Yet, despite some out-of-date references, the film is still watchable and enjoyable based on great characters and performances by its leads, active direction by its director, and a solid story that reinforces many traditional Thanksgiving values.

4. Little Women (2019)

Moving on to some more recent Thanksgiving films, you might not think to classify the latest adaptation of Little Women as a holiday genre film, but at its heart, it certainly is. For the seventh adaptation of Louisa May Alcott’s 1868 novel by the same name, Greta Gerwig’s adaptation is considered one of the best in a long line of great versions.

A coming-of-age drama in style and subtext, Little Women, centers itself around its ensemble cast featuring the March family and the various relationships and events of their lives. With an ensemble cast including Emma Watson, Florence Pugh, Laura Dern, Meryl Streep, and Timothée Chalamet, there are plenty of characters to follow.

Still, the film is a faithful rendition of the importance of the holidays and tradition, yet with a modern lens and twist to how these characters develop and view their state in the world.

3. Krisha (2015)

Another more recent addition to our list of great Thanksgiving films would be Trey Edward Shults’s 2015 drama Krisha, which is based on a short film by Shults by the same name and stars many of Shults’ own family — including his mother, grandmother, and the titular character Krisha Fairchild who is Shults’ aunt.

With funds procured from a Kickstarter campaign, Krisha would become a breakout hit for Shults and was eventually picked up by A24 after winning the Grand Jury Award and the Audience Award from SXSW in 2015.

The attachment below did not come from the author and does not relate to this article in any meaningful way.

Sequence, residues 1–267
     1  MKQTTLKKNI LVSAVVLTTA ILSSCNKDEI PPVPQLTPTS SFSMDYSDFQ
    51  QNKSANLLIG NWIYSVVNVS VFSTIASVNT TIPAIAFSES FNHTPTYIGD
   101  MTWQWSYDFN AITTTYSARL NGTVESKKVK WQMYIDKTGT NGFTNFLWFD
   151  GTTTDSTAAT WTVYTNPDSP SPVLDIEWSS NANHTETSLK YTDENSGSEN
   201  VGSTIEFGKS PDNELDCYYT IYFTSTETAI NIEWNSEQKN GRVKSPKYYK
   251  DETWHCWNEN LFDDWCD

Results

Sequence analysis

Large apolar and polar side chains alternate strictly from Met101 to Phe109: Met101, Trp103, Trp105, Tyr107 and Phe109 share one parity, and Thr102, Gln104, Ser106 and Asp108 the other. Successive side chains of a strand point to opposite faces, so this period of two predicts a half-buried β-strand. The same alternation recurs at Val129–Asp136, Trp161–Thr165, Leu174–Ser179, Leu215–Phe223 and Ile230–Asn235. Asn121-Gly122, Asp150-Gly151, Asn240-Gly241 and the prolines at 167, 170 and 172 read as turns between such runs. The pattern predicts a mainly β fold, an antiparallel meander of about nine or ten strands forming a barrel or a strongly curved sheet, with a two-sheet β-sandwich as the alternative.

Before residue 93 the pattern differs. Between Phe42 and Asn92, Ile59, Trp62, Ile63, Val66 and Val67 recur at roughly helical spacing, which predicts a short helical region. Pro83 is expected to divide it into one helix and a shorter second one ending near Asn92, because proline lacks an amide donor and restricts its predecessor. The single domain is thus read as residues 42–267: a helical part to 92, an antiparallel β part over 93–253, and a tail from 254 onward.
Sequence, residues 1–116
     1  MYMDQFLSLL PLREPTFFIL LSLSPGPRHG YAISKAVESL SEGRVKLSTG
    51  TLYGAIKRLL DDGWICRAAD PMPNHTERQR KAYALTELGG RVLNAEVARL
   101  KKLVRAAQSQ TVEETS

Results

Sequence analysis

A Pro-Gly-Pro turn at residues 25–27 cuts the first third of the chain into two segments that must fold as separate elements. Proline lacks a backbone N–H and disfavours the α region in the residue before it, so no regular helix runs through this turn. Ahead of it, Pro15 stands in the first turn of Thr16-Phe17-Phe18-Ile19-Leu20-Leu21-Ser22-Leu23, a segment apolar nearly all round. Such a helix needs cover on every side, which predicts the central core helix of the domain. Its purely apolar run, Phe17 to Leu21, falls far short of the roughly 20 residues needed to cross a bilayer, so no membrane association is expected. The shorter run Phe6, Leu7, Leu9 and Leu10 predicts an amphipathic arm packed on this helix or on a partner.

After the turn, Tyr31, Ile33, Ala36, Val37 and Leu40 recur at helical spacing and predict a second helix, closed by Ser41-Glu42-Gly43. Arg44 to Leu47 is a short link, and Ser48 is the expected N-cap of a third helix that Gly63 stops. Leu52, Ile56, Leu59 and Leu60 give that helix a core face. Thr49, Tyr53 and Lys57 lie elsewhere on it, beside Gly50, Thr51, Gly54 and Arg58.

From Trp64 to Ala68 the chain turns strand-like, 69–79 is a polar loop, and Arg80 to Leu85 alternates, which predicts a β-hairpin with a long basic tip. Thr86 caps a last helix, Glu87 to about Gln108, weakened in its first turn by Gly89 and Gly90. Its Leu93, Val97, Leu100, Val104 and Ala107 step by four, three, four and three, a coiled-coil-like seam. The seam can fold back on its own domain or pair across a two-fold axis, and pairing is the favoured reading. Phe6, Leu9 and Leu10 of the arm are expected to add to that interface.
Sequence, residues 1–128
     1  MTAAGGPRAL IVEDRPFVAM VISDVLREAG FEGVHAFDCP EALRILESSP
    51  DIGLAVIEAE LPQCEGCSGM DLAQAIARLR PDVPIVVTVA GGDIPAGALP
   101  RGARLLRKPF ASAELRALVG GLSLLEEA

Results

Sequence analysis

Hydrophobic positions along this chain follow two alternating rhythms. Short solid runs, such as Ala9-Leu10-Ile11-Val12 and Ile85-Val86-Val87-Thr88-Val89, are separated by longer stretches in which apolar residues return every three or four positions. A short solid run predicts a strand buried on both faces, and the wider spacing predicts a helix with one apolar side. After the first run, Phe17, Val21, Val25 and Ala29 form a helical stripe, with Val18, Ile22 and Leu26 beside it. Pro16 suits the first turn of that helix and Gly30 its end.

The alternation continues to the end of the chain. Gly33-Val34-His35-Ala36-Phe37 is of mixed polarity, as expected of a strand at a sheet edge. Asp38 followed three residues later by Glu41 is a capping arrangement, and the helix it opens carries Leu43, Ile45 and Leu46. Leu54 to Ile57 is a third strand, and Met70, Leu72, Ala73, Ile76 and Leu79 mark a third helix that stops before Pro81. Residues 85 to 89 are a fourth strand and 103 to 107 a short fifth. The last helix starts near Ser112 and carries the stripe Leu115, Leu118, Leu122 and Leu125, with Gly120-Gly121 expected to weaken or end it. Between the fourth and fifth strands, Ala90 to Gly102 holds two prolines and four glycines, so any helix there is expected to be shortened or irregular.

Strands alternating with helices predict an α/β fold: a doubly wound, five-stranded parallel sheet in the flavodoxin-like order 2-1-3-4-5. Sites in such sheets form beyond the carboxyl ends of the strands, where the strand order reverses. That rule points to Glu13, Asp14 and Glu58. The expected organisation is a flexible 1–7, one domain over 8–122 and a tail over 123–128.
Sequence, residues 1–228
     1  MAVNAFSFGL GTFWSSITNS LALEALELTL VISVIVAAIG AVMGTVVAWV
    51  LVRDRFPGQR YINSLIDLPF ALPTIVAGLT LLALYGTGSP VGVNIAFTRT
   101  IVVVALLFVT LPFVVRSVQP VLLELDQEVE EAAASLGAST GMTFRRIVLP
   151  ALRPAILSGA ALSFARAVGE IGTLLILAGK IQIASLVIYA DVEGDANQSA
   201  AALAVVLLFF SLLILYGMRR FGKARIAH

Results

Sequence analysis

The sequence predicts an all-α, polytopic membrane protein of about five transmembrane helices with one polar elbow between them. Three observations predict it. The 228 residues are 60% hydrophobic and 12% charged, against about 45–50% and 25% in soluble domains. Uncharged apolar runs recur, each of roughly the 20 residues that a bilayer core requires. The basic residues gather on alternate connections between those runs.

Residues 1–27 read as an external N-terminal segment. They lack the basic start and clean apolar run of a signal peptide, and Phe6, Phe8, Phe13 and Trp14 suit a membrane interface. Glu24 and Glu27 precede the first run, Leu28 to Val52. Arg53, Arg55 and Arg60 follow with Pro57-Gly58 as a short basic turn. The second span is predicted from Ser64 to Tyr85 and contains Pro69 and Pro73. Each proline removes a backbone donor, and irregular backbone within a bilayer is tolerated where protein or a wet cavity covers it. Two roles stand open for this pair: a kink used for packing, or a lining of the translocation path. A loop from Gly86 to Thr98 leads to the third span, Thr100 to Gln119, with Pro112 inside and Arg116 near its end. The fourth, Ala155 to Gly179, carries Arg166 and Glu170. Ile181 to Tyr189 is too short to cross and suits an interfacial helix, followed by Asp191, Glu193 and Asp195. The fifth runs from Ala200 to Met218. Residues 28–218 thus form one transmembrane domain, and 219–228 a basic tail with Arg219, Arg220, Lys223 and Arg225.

Like many films on our list, Krisha centers around a family gathering on Thanksgiving Day, where family relationship dynamics are thrown into a blender, and plenty of emotionally charged dialogue and trauma are brought out.

2. Planes, Trains, and Automobiles (1987)

While there will always be more Christmas-themed holiday films familiar to American audiences, Planes, Trains, and Automobiles might be the best example of a Thanksgiving film that pushes the November holiday to the forefront of any favorite holiday film lists in general.

A comedy film starring an odd-couple match-up of Steve Martin and John Candy, John Hughes creates the quintessential buddy road film as the two polar opposite characters are forced to travel together through misadventures on their way home to Chicago for Thanksgiving.

By far, this is one of the best examples of how Thanksgiving has been portrayed and thought of in contemporary American culture. Its presentation is very much at the heat of what makes Planes, Trains, and Automobiles an enduring holiday classic even still today.

1. Knives Out (2019)

Finally, to wrap up our list, we have perhaps the best example of how modern filmmakers can take many of the traditional tropes and values of the Thanksgiving holiday and subvert them into a different subgenre with fun writing and attentive filmmaking. Rian Johnson’s breakout holiday mystery film Knives Out turned a simple premise into a surprise box office success and has even launched a sequel.

Starring Daniel Craig as a proficient detective alongside another great cast, including Chris Evans, Ana de Armas, Jamie Lee Curtis, and Christopher Plummer, this clever whodunnit combines many different genres including mystery, comedy, and drama.

It’s also a great example of how different holiday themes surrounding family, relationships, and inheritance be re-examined under a different genre lens as the murder mystery angle lets the audience micro-analyze the characters and their intentions — all. At the same time, Johnson spins a fun story that brings audiences and families together as a great holiday watch.

For more genre explorations, filmmaking tips, and advice, check out these additional articles below.